This exercise introduces the concept of hip and trunk separation through good mobility, as opposed to excessive low back motion. As I’m sure you already know this is incredibly important in the golf swing, as Mike Boyles states “good golfers turn at the hips and the thoracic spine, bad golfers turn at the lumbar spine”

Your welcome to make use of a half kneeling med ball throw variation here, as this will provide variety to the direction of throw whilst still stabilizing the lower body and limiting hip turn to encourage separation and rotation through the t-spine. That said I prefer the split stance for most as I feel it better teaches golfers to have a firm front side to help accept force.

Level 3: Rotational med-ball scoop toss and rotational med-ball shot puts

These two are probably the corner stones of any good rotational power program. The sequencing is much the same for both of these as it is for the split stance scoop toss just with a little more dynamic weight shift, as Eric Cressey likes to say “efficient rotation is efficient rotation.”


We usually include both of these exercises in our programs, alternating between them, although one consideration should be elbow and shoulder health. The scoop toss is often easier on the elbow and shoulder than the shot put throw so if you have a history of issues/injuries in these areas it may be best to stick to just the scoop toss.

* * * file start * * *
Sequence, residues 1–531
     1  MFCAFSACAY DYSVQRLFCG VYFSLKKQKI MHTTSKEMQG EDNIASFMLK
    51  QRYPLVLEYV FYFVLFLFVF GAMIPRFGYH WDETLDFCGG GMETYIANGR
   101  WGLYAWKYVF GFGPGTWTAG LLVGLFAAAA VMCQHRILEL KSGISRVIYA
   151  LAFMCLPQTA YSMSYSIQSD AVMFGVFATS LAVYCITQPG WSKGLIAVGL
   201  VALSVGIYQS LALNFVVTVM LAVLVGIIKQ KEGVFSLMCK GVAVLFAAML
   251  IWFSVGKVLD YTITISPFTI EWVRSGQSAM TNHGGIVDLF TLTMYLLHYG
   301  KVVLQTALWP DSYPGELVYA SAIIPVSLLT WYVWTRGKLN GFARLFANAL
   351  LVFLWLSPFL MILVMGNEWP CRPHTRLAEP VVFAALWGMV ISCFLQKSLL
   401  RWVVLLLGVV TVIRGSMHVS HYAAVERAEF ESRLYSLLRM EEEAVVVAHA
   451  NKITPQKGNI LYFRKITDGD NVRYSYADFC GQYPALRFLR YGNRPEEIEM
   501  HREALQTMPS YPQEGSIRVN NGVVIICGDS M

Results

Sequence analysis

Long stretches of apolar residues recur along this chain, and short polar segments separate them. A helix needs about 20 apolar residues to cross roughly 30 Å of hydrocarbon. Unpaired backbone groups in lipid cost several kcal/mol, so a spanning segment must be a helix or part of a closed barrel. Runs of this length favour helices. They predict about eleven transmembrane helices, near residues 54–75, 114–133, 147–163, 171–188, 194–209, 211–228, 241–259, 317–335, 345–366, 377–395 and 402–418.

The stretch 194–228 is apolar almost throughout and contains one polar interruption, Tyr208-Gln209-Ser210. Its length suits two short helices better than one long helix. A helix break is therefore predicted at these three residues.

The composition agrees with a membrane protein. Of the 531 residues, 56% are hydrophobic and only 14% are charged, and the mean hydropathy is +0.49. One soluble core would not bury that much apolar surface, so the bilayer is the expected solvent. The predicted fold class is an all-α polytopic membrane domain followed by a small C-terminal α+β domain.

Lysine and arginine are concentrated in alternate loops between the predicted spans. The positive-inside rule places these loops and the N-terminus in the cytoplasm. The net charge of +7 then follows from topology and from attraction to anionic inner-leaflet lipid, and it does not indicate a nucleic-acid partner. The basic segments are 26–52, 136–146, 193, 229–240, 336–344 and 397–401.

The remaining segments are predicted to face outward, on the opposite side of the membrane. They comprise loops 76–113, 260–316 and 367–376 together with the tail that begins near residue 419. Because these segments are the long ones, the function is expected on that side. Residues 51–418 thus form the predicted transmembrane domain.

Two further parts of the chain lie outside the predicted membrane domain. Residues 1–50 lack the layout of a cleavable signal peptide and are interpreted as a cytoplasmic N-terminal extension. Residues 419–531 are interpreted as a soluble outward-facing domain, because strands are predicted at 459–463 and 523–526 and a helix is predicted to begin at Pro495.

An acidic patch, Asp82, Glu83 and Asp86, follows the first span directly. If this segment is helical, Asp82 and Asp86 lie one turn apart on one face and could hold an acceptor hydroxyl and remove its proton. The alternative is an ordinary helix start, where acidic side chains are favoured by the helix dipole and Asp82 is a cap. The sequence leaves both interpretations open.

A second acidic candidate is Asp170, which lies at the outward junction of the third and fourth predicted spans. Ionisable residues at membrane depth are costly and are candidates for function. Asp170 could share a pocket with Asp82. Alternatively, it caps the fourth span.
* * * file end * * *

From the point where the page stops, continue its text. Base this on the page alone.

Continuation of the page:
Most athletes will stay at this level for a good chunk of time. In fact even once an athlete has progressed to level 4 we will revisit these variations in lighter training blocks almost as a ‘break’ from the greater neurological and eccentric demands of the exercise in level 4. With this in mind we fluctuate sets and reps from week to week with the aim of increasing volume over time.

Sample progression:

Week 1: 2x5 (10 total reps)

Week 2: 3x4 (12 total reps)

Week 3: 4x4 (16 total reps)

Week 4: de-load week, omit exercise (de-loads are easier weeks in training that allow our body to recover and adapt from the demands training places upon it).